Kids say the darndest things, don’t they! Check out these videos (Warning:  Unbleeped version. Unsuitable for tender ears ):

Example A: Raising Hell…

Example B:  At least this mother offers a substitute word…

Raising a Point…

Do you raise hell with your words? Do your friends and family members? Your child mimics what’s said around her. That’s not her fault, so please don’t use violence or anger to punish her. That makes things worse. Your daughter is realizing the power of words, a normal development in kids her age. She’s testing what gets a strong reaction, whether it’s shock, embarrassment, laughter or anger.  However, she needs to know cursing is unacceptable. There is cursing used as a weapon against others and cursing that’s expressive. The language aimed to hurt and insult, whether it’s a classic curse word or not, shouldn’t be tolerated. Cursing to express surprise, pain, happiness, etc. can be substituted with more acceptable words. Arm your child with ear-friendly language when she makes a slip. The key is keeping cool, calm and collected when she does it.

When you hear your daughter using better language, praise her for it. Tell her how proud you are. You’re reacting to her positive actions, not the bad ones. She will then use the good language to get strong (positive) reactions. That’s raising them well.

Quick Parenting Tips:

  • Check yourself, then correct yourself.
  • Chill. Strong reactions encourages strong language.
  • Do not hit, whoop, smack your child or wash her mouth out with soap. Violence doesn’t curb cursing, it adds to it
  • Put your friends and family on blast: No more cursing around your little one.
  • Tell your baby cursing is toilet talk. Direct her to the bathroom whenever she curses. In other words “Tell it to the toilet” because you don’t want to hear it.  Do it every time she slips up, no matter where you both are. When she stops cursing, she can rejoin the family.
  • Ask for your family and friends’ help. Tell them not to react when she curses, rather direct her to the bathroom where potty mouths belong
  • Drastically reduce your child’s exposure to movies, TV programs, music videos, songs, rap and video games riddled with foul language.
  • Praise your daughter when she corrects herself

Curse Word Alternatives submitted by parents: Do you think these are proper?

Shit: Shoot, sheesh, yikes! poo. poop, BM,  defecation (my mama taught me that one)

Damn or Dammit: darn, darnit, dang, dangit, doggonit! Man!

Bitch, Ho, Skank, Cunt, Bastard, Motherfucker, Asshole: No calling out someone’s name period

Fuck: Fudge, fugee, freak (Would any substitute be appropriate?)

Hell: Sam Hill, heck, Hades (this was a curse word in my day)

Sucks, Blows: (Officially not curse words but unpleasant coming out the mouths of babes or anybody)

Piss: T’d, PO’d, angry, irritated, miffed, mad, urination, pee, tee tee

Ass: Buttocks, behind, rear, backside, booty

Can you think of any other substitutions for curse words? Do you know of any other techniques to stop cursing?

Before I get to our topic, let me introduce myself. My name is Edye. I’ve made my living as an ad professional but I’ve lived my life as a mother of two sons, and now “G-ma” to my two grandsons. My hubby Darryl and I have gone through our parenting challenges with much pleasure and pain. I’m relieved to say, the boys, now in their twenties, turned out “aight”. Young parents today are going through some stuff, e.g. family conflict and lack of support, baby daddy/mama drama, school, job and money issues, drugs, abuse and more. There is no longer a sense of community support and guidance like it was back in the day. So many parents are raising more hell than raising their kids well. But I figure, if you know better, you’ll do better. Maybe that’s why young moms and dads come to me for advice. My blog gives you a slice of what raising hell versus raising your kids well looks like (see video below) .  It’s all my opinion – my perspective. Agree or disagree. Add suggestions. Ask a question. I’d like to feature it in my next post.  With that said, on to our question:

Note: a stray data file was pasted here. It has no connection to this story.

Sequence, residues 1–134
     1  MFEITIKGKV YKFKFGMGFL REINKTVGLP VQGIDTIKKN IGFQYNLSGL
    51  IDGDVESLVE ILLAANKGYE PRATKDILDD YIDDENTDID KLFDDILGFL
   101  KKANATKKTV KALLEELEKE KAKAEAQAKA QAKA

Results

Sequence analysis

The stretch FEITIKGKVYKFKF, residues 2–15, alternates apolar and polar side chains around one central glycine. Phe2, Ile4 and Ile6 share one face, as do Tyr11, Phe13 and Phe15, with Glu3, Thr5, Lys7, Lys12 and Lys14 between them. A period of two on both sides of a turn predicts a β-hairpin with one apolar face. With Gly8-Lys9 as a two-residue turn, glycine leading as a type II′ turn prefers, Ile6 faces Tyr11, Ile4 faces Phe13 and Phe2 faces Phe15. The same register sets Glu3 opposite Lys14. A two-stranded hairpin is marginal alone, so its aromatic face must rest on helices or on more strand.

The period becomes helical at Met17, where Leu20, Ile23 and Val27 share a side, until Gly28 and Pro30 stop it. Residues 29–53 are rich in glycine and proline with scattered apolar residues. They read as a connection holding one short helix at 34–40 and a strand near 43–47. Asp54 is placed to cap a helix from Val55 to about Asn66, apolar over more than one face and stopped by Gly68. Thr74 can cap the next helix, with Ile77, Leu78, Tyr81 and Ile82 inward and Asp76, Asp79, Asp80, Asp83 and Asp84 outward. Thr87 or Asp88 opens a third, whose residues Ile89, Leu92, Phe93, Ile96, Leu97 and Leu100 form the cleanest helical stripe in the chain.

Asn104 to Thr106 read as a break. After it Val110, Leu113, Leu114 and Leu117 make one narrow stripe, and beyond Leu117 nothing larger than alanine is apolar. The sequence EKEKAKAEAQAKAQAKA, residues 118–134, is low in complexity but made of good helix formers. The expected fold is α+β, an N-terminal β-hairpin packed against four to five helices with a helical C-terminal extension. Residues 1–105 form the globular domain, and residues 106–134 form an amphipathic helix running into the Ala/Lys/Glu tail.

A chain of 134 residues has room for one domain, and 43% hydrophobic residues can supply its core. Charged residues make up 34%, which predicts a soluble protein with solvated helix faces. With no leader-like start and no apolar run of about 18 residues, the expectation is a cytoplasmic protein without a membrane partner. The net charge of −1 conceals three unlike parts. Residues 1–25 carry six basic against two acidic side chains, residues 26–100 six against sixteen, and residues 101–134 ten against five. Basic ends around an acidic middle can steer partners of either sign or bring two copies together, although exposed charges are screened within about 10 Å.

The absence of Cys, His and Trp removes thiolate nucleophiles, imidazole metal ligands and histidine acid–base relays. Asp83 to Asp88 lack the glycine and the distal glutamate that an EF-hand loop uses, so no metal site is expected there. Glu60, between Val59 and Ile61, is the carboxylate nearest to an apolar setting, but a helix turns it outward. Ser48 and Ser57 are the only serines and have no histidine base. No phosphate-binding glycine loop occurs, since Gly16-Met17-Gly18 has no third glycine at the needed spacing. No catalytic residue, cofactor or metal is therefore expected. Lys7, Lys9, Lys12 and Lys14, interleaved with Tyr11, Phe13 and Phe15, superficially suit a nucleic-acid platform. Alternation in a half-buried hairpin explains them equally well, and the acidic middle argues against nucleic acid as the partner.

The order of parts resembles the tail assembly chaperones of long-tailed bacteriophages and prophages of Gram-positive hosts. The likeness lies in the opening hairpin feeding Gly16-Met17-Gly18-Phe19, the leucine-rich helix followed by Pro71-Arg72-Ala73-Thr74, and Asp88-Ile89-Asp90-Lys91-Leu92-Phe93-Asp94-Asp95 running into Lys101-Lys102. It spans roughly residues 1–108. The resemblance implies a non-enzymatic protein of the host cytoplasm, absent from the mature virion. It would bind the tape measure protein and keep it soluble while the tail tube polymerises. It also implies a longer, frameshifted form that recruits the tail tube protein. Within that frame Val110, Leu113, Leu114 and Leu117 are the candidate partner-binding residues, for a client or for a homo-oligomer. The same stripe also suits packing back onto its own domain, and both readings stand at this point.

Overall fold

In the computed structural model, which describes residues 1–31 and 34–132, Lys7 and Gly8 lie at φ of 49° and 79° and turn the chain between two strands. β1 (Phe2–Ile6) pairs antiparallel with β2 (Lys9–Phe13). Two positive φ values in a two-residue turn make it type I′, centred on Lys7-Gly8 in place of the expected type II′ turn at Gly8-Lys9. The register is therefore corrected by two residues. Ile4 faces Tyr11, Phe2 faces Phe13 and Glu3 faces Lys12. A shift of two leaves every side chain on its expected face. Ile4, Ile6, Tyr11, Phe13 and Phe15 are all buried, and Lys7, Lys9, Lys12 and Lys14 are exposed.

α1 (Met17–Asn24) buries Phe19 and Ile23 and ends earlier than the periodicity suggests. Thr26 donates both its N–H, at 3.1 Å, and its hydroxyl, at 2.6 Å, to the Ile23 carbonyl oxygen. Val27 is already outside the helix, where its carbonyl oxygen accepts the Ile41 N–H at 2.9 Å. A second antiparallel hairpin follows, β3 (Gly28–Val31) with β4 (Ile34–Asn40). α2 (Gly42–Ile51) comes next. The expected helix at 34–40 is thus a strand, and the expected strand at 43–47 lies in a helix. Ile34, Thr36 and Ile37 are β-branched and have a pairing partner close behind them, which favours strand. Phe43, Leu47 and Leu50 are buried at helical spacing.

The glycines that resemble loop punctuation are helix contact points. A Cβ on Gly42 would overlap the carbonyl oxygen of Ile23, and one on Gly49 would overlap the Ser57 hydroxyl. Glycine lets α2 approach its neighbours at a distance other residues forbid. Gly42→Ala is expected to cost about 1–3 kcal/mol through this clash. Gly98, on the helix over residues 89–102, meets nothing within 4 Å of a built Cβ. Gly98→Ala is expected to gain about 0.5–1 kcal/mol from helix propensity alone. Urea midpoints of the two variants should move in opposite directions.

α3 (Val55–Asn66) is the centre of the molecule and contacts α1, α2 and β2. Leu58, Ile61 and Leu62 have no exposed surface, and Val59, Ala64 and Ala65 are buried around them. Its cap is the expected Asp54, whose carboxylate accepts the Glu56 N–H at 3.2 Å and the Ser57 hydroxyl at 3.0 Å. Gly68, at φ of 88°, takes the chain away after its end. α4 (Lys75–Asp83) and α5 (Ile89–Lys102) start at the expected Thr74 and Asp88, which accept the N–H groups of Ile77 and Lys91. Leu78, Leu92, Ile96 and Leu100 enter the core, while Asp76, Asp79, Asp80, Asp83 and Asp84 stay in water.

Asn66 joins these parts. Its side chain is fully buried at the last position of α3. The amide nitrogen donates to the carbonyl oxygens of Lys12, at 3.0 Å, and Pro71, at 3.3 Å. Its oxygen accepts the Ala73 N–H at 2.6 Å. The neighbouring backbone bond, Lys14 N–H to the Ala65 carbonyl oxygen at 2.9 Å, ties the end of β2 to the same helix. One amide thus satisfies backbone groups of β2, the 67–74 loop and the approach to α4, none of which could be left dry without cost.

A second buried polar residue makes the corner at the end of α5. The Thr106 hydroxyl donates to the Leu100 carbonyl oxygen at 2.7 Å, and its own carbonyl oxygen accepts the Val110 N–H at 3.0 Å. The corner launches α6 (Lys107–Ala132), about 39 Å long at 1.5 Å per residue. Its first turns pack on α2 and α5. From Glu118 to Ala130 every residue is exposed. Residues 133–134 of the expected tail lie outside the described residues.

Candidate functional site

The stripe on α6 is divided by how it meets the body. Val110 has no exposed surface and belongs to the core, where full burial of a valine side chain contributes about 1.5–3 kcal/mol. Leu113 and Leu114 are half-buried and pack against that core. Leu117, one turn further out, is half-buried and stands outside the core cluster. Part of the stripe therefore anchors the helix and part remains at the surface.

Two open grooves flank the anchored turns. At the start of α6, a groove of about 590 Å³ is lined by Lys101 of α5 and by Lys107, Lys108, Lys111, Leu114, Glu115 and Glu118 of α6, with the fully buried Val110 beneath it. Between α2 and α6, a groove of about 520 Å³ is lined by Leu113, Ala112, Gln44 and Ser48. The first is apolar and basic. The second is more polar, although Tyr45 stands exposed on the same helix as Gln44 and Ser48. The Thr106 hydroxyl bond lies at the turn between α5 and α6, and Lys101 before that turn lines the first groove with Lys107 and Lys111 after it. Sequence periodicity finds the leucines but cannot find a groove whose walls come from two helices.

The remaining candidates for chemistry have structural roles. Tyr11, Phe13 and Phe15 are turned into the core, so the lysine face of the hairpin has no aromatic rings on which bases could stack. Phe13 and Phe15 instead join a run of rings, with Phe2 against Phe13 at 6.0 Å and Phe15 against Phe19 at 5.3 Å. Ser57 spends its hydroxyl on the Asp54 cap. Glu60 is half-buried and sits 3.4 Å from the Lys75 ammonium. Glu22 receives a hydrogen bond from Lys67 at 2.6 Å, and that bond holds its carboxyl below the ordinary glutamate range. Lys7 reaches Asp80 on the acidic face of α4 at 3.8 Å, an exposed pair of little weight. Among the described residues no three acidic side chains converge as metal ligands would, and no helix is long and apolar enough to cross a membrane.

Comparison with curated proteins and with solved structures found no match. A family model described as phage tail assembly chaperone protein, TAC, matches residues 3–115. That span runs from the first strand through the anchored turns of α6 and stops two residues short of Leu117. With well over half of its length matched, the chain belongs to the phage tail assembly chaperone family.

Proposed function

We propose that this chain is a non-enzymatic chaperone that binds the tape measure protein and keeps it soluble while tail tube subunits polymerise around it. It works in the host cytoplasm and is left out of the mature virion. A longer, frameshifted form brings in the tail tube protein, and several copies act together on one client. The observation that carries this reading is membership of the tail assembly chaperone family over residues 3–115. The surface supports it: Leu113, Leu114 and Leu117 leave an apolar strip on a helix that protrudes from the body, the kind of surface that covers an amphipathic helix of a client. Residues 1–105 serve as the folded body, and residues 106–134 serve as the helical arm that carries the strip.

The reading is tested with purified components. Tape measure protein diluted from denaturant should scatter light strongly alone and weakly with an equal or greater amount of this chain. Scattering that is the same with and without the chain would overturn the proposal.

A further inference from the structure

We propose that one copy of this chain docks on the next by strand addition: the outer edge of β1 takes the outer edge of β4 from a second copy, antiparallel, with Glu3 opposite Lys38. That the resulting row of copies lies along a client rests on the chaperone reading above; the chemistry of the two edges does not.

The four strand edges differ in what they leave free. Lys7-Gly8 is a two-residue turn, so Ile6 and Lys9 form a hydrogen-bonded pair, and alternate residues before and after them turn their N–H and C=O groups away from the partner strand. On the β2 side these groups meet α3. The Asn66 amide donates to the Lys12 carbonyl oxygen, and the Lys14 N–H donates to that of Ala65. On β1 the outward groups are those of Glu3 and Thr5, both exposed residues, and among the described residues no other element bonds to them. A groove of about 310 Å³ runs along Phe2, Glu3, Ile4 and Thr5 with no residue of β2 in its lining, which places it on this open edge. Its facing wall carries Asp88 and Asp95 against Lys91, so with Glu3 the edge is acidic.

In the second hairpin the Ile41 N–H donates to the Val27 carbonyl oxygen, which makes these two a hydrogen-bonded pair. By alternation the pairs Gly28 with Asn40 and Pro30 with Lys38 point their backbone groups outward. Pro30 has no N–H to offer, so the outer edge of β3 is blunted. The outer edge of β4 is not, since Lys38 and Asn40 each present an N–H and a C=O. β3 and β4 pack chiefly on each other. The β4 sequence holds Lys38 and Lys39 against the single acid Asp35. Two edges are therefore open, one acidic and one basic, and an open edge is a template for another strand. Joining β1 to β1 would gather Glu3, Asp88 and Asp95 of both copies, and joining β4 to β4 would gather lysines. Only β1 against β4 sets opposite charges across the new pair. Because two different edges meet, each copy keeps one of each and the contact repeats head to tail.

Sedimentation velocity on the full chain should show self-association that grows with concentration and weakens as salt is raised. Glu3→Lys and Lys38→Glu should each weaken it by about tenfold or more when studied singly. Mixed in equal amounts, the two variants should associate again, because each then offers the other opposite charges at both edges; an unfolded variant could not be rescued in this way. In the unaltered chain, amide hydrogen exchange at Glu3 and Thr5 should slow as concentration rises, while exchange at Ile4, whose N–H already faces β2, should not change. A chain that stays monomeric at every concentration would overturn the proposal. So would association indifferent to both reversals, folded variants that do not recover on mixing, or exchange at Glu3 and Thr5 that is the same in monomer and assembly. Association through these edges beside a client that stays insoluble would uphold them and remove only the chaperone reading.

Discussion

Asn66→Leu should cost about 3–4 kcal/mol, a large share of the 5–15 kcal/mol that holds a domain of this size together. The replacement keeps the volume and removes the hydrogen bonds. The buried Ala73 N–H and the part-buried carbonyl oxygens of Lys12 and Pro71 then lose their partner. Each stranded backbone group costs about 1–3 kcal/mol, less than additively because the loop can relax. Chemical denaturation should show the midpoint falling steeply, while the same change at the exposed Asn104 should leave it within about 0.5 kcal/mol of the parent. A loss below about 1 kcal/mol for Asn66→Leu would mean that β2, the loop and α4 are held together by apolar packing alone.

Dear Edye,

“I’m a single parent. I work long hours and come home tired. The last thing I feel like doing is going up to my son’s school for Parent/Teacher’s Night, PTO meetings – whatever. Some parents work hard for a living. I just don’t have the time.  Am I raising hell?” – “Tired Mom”, Chicago, Illinois

Raising Hell…

Raise Them Well…

Raising a Point…

It’s rough working long hours  and dealing with your child’s school obligations too. I feel you. I’ve been there.  But if you don’t show up, your child may show out. Research shows, students do better in school if parents are involved in their learning. No-shows can include not being available to help with homework, volunteering at school, attending student’s special events, as well as parent-school functions. Some teachers invest less time with kids whose parents are no-shows. Some kids invest less time in their studies when their parents are no-shows.   Low performance gone unchecked can lead to frustration, lack of confidence, low self esteem and negative behavior. That’s raising hell.

Quick Tips:

  • Arrange ahead of time with your employer to leave early or have that day off to attend a school function or event. That means reading the flyer and marking the dates ahead of time.
  • If you absolutely can’t make it to the Parent/Teachers conferences and school meetings, schedule to meet the teacher at a later date, then show up.
  • Develop a partnership with teachers. Exchange emails and phone numbers. Communicate regularly.
  • For parent homework support, attend parent homework workshops or talk to the teacher for help.

When you show your face in the place, you show you care. And your child feels more motivated to learn. That’s raising them well.

Like I said,  hit me back with your opinions, suggestions and critique. Or if you want to raise an issue or question, that’s cool too. It may end up in my “Raising Hell or Raise Them Well” series, which I’m making into a book.

Disclaimer: Don’t be alarmed by my weird mixed race, robotic, Lego-like characters. I am experimenting with different visuals. I’m open to suggestions.